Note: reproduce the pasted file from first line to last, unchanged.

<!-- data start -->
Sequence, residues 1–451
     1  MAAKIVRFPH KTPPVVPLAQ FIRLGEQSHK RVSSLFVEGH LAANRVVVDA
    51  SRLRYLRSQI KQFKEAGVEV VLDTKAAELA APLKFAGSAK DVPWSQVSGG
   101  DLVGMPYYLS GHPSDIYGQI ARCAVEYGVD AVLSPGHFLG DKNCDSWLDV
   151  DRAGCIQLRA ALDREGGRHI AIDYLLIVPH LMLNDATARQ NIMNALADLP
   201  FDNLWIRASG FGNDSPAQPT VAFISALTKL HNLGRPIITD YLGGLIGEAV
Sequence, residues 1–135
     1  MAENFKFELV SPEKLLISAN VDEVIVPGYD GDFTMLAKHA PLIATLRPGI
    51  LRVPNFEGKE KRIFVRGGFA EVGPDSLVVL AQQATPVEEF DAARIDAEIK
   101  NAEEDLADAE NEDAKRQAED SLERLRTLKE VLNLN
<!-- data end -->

Sequence, residues 1–451
     1  MAAKIVRFPH KTPPVVPLAQ FIRLGEQSHK RVSSLFVEGH LAANRVVVDA
    51  SRLRYLRSQI KQFKEAGVEV VLDTKAAELA APLKFAGSAK DVPWSQVSGG
   101  DLVGMPYYLS GHPSDIYGQI ARCAVEYGVD AVLSPGHFLG DKNCDSWLDV
   151  DRAGCIQLRA ALDREGGRHI AIDYLLIVPH LMLNDATARQ NIMNALADLP
   201  FDNLWIRASG FGNDSPAQPT VAFISALTKL HNLGRPIITD YLGGLIGEAV
Sequence, residues 1–135
     1  MAENFKFELV SPEKLLISAN VDEVIVPGYD GDFTMLAKHA PLIATLRPGI
    51  LRVPNFEGKE KRIFVRGGFA EVGPDSLVVL AQQATPVEEF DAARIDAEIK
   101  NAEEDLADAE NEDAKRQAED SLERLRTLKE VLNLN